US snipers ended a five-day hostage drama on the high seas off Somalia last night as they shot dead three pirates and rescued the American sea captain who had been held captive.
The decision appeared to have been taken after the lifeboat where pirates were holding Capt Richard Phillips drifted closer to the Somali shore. A fourth pirate was reportedly being held aboard a US warship.
Capt Phillips, the 53-year-old captina of the Maersk Alabama, from Vermont, who had assault rifles held to his head before the snipers fired, said: “I’m just the byline. The real heroes are the Navy, the Seals, those who have brought me home.” A photo released by the Navy showed Capt Phillips unharmed and shaking hands with the commanding officer of the destroyer, USS Bainbridge.
“They were pointing the AK-47s at the captain,” said Vice-Admiral William Gortney. He added that Barack Obama had authorised the use of force to end the five-day standoff.
Upon hearing the news, the crew of the Alabama, now docked in the Kenyan port of Mombasa, celebrated wildly, firing a red flare into the sky and hanging an American flag from the ship’s railing. “We are very happy. He’s a hero,” one crew member shouted from the deck. In America, a spokeswoman for the Phillips family said: “This is truly a happy Easter. All your prayers and wishes have paid off.”
After his rescue, Capt Phillips was said to be resting comfortably on USS Boxer, an amphibious assault ship, having undergone a medical check-up; he is now expected to be taken to a US base in Djibouti.
It was not clear whether the pirate in custody had been aboard the lifeboat. He had, however, been involved in negotiations brokered by elders from Garacad, 370 miles north of Mogadishu. The US Justice Department said it was considering what charges to bring against him.
Earlier, five US warships and several helicopters shadowed the pirates as they drifted towards the coast. But the closer the lifeboat came to shore, the more likely it was that a military option would be used.
The pirates, who had been demanding safe passage, and according to some sources a $2m (£1.4m) ransom, had been negotiating with US officials by satellite phone, allowing FBI negotiators to speak to Capt Phillips once a day to prove he was still alive. In Virginia, the Alabama’s owners, Maersk Line, said the navy had informed the company it had a sighting of the captain. But negotiations for his release reached a dead end early yesterday morning. Abdi Aziz Aw Yusuf, the Jariban district commissioner who arranged the contact between the US and the elders, said: “The negotiations with American officials have broken down. The reason is American officials wanted to arrest the pirates in nearby Puntland and elders refused the arrest of the pirates.”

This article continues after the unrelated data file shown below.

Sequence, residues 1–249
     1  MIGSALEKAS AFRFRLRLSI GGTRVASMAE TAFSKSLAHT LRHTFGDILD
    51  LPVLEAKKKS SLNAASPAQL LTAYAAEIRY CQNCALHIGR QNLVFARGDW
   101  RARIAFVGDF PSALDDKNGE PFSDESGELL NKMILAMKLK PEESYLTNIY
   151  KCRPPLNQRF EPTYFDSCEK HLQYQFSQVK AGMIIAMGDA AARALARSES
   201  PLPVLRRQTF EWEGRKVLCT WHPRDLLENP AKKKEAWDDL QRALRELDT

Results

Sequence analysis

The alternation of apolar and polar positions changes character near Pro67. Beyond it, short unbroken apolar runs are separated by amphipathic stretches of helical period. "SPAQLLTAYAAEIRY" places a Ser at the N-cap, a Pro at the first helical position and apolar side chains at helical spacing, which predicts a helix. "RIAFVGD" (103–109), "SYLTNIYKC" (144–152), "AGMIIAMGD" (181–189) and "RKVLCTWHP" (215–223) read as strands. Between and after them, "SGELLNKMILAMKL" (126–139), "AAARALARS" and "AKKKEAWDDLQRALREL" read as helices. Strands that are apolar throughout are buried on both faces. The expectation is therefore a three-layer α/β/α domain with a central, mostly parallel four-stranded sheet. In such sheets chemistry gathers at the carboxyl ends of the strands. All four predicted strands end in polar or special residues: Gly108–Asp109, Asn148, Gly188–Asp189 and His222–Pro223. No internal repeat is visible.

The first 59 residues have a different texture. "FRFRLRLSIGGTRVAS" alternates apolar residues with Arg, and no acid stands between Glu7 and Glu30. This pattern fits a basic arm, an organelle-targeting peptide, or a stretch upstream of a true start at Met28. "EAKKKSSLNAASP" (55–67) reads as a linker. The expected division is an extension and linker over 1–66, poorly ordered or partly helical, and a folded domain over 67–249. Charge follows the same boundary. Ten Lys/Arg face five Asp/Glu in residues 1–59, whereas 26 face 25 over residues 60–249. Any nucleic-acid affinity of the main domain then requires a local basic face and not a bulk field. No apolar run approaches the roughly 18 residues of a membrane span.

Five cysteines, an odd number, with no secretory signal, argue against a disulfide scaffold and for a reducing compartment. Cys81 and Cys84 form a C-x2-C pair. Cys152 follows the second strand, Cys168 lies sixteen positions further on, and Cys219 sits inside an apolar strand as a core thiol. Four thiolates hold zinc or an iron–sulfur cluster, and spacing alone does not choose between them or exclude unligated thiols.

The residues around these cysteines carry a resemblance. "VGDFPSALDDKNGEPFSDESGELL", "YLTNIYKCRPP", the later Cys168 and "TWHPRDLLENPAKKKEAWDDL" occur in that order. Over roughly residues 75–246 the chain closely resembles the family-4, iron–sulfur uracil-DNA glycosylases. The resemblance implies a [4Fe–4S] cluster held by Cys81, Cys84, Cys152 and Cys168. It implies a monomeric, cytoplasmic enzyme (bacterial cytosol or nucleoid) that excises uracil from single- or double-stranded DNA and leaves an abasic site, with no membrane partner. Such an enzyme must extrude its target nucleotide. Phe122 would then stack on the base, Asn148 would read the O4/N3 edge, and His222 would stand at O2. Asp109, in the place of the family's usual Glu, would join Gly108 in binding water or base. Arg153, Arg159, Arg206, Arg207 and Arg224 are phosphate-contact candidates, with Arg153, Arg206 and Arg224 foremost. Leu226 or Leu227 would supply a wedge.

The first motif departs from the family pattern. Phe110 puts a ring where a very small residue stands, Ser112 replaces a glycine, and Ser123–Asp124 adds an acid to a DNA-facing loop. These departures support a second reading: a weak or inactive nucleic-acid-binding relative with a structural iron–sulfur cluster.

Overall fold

The successful rescue will come as a huge relief to American forces in the area, and their international counterparts. The multinational force sent during the past year to patrol the Gulf of Aden, a million square miles of ocean between Somalia and Yemen, has accomplished little so far aside from pushing the pirates further south into the Indian Ocean. Capt Phillips’s death would have been a disastrous conclusion to a situation that had seemed unstable from the beginning.
Abdiwali Ali Tar, the Somali head of a private security firm claiming to act as a coastguard in nearby Puntland, suggested that negotiations had become so drawn out because the pirates were determined to make their way to a safe haven before bargaining in earnest. “Some local elders as well as our company have been involved in the negotiations but things seem to be deadlocked because the pirates want to make sure to be in a safe location first with the captain – either on one of the ships their colleagues hold or in Somali coastal villages – but the Americans will not allow that,” he said.
Local elders dismissed the ransom claims, saying the American sailor would be released in return for the safe passage of their men. But the community leaders ruled out US demands that the four failed hijackers be handed over to authorities in Puntland to face the courts there. That impasse may have led the US forces to the conclusion that, with the pirates getting ever closer to land, their best chance of recovering Capt Phillips alive was to act fast. Had the pirates been allowed to reach the shore, Capt Phillips would have joined more than 285 hostages already being held, along with 15 captured vessels.
The crew of the Alabama had remained on the ship waiting for news about their captain all weekend. Port authorities were ordered to widen the barricaded perimeter around the ship yesterday after reporters succeeded in speaking with several crew members from the shore. From those conversations and other briefings, a more detailed picture of the crew’s ordeal had begun to emerge. It appears the captain ordered the crew to lock themselves in their cabins after four pirates boarded the ship. He then ordered the ship’s engine be cut and offered himself as a hostage.
When the pirates demanded the engines be restarted, one of them accompanied the engineer A T M Reza, from Hartford, Connecticut, to the engine room. Once inside, he said, he stabbed the pirate in the hand with an ice pick then tied him up. He then tried to trade the captive pirate for Capt Phillips, but this attempt failed, and the pirates retook their associate and disembarked on the ship’s lifeboat.
The upsurge in pirate attacks has caused panic among some crews in Mombasa with one container ship captain saying his sailors were threatening to strike rather than set off into pirate-infested waters. An Italian tug boat, hijacked on Saturday, has, meanwhile, reached the Somali shore.